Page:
The Phenomenon Of Grocery 'Greedflation' Explained

The inflation period that began in 2021 and shows no signs of resolving itself so far has dealt a devastating blow to nearly every industry. Still, its impact on the food sector has been the most frightening to the average consumer. No industry carries such significant stakes, controlling the sustenance we need to survive. A few foods have been untouched by inflation, but these are the exceptions to the rule. For the most part, our grocery bills have gotten more and more expensive.

Inflation has been presented as the singular explanation for this trend, and its impact is undeniable. A supply chain crisis fueled by events like COVID-19 and the Russo-Ukrainian War, combined with pandemic relief funds flooding the market, has driven prices through the roof. But there may be more to the story. In some instances, particularly within the food industry, prices have risen more than inflation can justify. Here, we find another, more insidious force affecting our wallets: 'greedflation.'

Businesses are using inflation as an excuse to raise prices

Greedflation occurs when companies raise prices at a higher rate than inflation to increase their profit margins. Then they excuse their actions by blaming all the price hikes on inflation. The current state of the economy has essentially given corporations a scapegoat to cover up price gouging — the practice of raising prices well beyond what the actual goods are worth — and it typically occurs in the aftermath of a state of emergency, such as a natural disaster or a global pandemic. Such scenarios are bound to upset the economy and place consumers in a vulnerable position where they might be unaware of their unfair treatment.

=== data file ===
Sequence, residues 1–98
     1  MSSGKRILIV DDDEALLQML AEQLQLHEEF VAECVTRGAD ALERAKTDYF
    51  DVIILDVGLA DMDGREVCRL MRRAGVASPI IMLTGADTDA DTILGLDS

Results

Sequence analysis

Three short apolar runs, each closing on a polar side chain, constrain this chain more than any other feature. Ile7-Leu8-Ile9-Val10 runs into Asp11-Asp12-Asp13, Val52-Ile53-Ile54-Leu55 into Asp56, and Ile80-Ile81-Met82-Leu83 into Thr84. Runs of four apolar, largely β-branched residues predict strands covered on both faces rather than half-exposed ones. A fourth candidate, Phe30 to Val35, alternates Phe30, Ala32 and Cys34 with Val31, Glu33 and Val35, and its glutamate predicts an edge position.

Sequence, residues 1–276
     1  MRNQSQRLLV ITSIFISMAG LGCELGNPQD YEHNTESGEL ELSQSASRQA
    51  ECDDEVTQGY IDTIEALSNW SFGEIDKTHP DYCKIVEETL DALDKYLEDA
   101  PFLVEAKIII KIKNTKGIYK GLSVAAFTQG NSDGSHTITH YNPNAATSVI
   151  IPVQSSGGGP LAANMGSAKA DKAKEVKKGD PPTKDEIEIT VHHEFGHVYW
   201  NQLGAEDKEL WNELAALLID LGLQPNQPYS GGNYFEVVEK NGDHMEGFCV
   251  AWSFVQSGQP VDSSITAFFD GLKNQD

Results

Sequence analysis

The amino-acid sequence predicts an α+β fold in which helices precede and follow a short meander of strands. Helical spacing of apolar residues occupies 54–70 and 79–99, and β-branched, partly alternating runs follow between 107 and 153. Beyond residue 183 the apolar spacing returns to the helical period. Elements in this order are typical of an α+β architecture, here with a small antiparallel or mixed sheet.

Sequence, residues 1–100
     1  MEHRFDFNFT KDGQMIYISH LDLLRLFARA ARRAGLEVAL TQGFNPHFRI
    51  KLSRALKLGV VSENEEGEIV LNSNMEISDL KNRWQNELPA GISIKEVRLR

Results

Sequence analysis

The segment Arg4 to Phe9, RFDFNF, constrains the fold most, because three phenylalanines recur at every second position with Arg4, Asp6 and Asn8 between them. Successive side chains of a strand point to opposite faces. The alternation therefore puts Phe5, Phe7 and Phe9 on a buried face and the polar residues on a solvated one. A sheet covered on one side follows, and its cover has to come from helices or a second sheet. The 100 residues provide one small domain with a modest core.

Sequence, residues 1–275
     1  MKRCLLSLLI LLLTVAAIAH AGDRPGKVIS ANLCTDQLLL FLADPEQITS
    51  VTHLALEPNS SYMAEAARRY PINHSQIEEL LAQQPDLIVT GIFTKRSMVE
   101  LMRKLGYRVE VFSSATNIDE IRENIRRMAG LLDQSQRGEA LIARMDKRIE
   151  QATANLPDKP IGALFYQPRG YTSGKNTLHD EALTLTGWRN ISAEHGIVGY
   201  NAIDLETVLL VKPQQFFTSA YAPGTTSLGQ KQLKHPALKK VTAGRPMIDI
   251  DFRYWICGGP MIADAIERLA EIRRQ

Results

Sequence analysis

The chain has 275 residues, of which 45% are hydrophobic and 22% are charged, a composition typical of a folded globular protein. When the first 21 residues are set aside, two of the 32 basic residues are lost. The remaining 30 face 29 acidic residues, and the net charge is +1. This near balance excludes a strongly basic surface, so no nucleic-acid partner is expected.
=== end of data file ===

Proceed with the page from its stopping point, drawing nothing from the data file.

The most apparent evidence that greedflation is real lies in the fact that major corporations are reporting record-setting profits while, at the same time, unemployment and inflation-adjusted wages are trending downward. Some companies have all but declared that they are price gouging. In a January 2022 earnings call, Garth Hankinson, CFO of Constellation brands (which owns Corona and Modelo), stated, "We have a consumer set that skews a bit more Hispanic than some of our competitors. And in times of economic downturn, if you will, or weakness, they tend to get hit a little bit harder, and they recover a little bit slower. So we want to make sure that we're not leaving any pricing on the table. We want to take as much as we can."

What can be done about greedflation?

Greedflation is being discussed more than ever, as consumers and economists alike are raising the alarm. Many have blamed price gouging for the soaring price of eggs, while oil companies have taken similar heat for the rising cost of gas. Tackling the issue will be challenging, as each state sets its own regulations, and some set no regulations at all. Currently, 37 states have imposed a price gouging ban, and they typically go into effect only after states of emergency are declared. As of this writing, California, Maryland, Minnesota, New York, and Pennsylvania all have price-gouging bills. Even with tighter regulations, it will be immensely challenging to address the underlying forces behind greedflation.

The keystone in this whole conversation is the issue of corporate consolidation – single companies that have near-monopolies over their respective business sectors. For example, four companies control 80% of the American beef industry, three shipping companies handle 80% of seaborne cargo to the U.S., and a single company, Taiwan Semiconductor Manufacturing Co., produces nearly every microchip currently used worldwide. Megacorporations wield incredible power over the economy, and there is growing support for governments to crack down. Antitrust legislation, now being considered at both the state and federal levels, could be the key to curbing greedflation.